Part 2 of Aberration of Mind considers suicide among African Americans during the Civil War era. Chapter 3, “ De Lan’ of Sweet Dreams: Suffering and Suicide Among the Enslaved,” addresses suffering and suicide among slaves while chapter 4, “Somethin’ Went Hard agin Her Mind: Suffering, Suicide, and Emancipation,” takes up self-destruction among freed men and women following the war. Sommerville discusses the evidence for and causes of suicide by slaves as well as white attitudes about slave suicide. She argues that the master class discounted the possibility of slave suicide because to accept the possibility that slaves killed themselves meant accepting that the supposedly happy slaves were in fact suffering and deeply unhappy. They also believed that slaves were too cowardly to take their own lives. Suicide, she argues, became a “marker of racial identity and white superiority: whites killed themselves, the enslaved did not. Suffering was an attitude of whiteness, not enslavement” (p. 88).
The evidence that Sommerville presents is irrefutable: “The enslaved did suffer and, on occasion, kill themselves despite white claims to the contrary” (p. 88). For her, “documenting incidents of slave suicide … constitutes one step toward reclaiming the full array of experiences, moods, and feelings of the enslaved, while taking seriously the psychological effect of the multitudinous conditions of slavery on the enslaved” (p. 88). Although Sommerville documents numerous instances of slave suicide, she also acknowledges that we cannot know “exactly” how common slave suicide was. However, “testimony by the enslaved and formerly enslaved suggests that slave suicide in America occurred regularly” (p. 93). She argues that slaves who took their own lives were “individuals whose personal suffering rendered voluntary death a plausible response” (p. 98). Sommerville concedes that it is very difficult given the paucity of slave suicide notes to know the reasons an individual slave committed suicide. The evidence she has, however, suggests that “the most common reason attached to slave suicide was an attempt to avoid punishment and physical pain” (p. 99). Slave men and women became suicidal when “they reached a saturation point after protracted periods of abuse and ill-treatment, a limit that is both highly individual and subjective” (p. 115).
Sommerville also critiques a theory developed by a number of historians that slave suicide represented an act of resistance against a particular master or against slavery in general. She argues convincingly that the resistance theory of slave suicide “is both flawed and unsatisfying, as it risks ignoring or discounting slaves’ suffering as a motive for suicide” (p. 97). Her research led her to conclude that “slaves who contemplated or effected suicide” likely gave “little thought, if at all, to the impact of their deaths on their masters. Instead, suicide brought an immediate end to emotional or physical pain” (p. 99).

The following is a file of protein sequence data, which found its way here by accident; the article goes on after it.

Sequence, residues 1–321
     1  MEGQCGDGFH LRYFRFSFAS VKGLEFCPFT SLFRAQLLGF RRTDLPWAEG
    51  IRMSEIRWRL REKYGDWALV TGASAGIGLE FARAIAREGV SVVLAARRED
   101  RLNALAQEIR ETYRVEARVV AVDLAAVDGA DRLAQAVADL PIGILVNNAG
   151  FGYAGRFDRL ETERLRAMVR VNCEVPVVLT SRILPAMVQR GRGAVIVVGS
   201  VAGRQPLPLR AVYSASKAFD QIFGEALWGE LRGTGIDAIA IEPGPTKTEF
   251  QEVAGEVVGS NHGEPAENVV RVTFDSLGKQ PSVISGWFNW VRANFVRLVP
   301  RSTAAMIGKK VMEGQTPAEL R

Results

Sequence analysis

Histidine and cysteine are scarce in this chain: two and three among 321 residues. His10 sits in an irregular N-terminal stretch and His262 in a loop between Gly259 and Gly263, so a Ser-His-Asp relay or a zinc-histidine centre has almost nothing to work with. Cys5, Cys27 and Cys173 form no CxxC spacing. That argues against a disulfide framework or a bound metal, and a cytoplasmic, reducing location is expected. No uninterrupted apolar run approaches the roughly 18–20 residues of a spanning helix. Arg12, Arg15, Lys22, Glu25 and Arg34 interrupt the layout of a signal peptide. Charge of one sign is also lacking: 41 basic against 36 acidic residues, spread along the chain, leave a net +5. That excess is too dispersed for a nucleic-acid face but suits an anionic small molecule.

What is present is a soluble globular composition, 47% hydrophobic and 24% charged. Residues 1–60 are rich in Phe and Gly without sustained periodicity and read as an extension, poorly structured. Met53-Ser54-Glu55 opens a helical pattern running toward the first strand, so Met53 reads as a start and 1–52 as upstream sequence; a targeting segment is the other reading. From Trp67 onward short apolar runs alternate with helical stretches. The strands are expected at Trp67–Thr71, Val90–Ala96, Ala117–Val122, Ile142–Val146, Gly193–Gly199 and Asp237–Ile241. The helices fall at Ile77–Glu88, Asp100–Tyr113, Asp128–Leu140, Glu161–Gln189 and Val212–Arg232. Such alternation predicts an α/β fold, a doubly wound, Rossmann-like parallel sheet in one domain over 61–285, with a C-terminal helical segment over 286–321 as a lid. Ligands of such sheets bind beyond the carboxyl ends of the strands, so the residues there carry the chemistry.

In the four chapters of part 3, Sommerville addresses the suffering and suicide of whites in the post-Civil War era. Chapter 5, “The Accursed Ills I Cannot Bear: Confederate Veterans, Suicide, and Suffering in the Defeated South,” explores the challenges Confederate veterans had in adjusting to civilian life in a defeated nation. She argues that these veterans exhibited symptoms and behaviors that today would be labeled as post-traumatic stress disorder (PTSD) and that they contributed to a crisis of manhood in the postwar South. Although data does not exist for a systematic study of suicide, she found that “anecdotal accounts and asylum records substantiate significant suicidal activity among Confederate veterans” (p. 156). In addition, she uncovered numerous asylum records of insanity and violent behavior as well as alcohol and drug abuse in this population. Surviving suicide notes suggest that feelings of desperation and hopelessness about the future led to self-destruction. Interestingly, most Southern commentators on individual suicides failed to make a connection between postwar suicide and wartime service. Suicide seems to have occurred in part, at least, as a way to restore “limited elements of mastery and control,” end “emotional or physical suffering,” and provide an “exit from failed manhood” (p. 178).
Chapter 6, “The Distressed State of the Country: Confederate Men and the Navigation of Economic, Political, and Emotional Ruin in the Postwar South,” takes up the toll that postwar conditions had on the Southern male psyche. Sommerville demonstrates that “the combined weight of financial ruin and embarrassment, on top of political banishment and festering anguish from combat memory, proved too much for some ex-Confederates” (p. 179). Business failures proved particularly hard to withstand. While women “worried about their families’ financial well-being,” men “experienced economic misfortune personally” and sometimes chose suicide as an escape (p. 181). Self-inflicted death, she observes, “promised relief from the dreaded Yankee subjugation, from untold suffering, and from the humiliation of being unable to protect or provide for their families, as sanctioned by the nineteenth-century code of masculinity” (p. 196).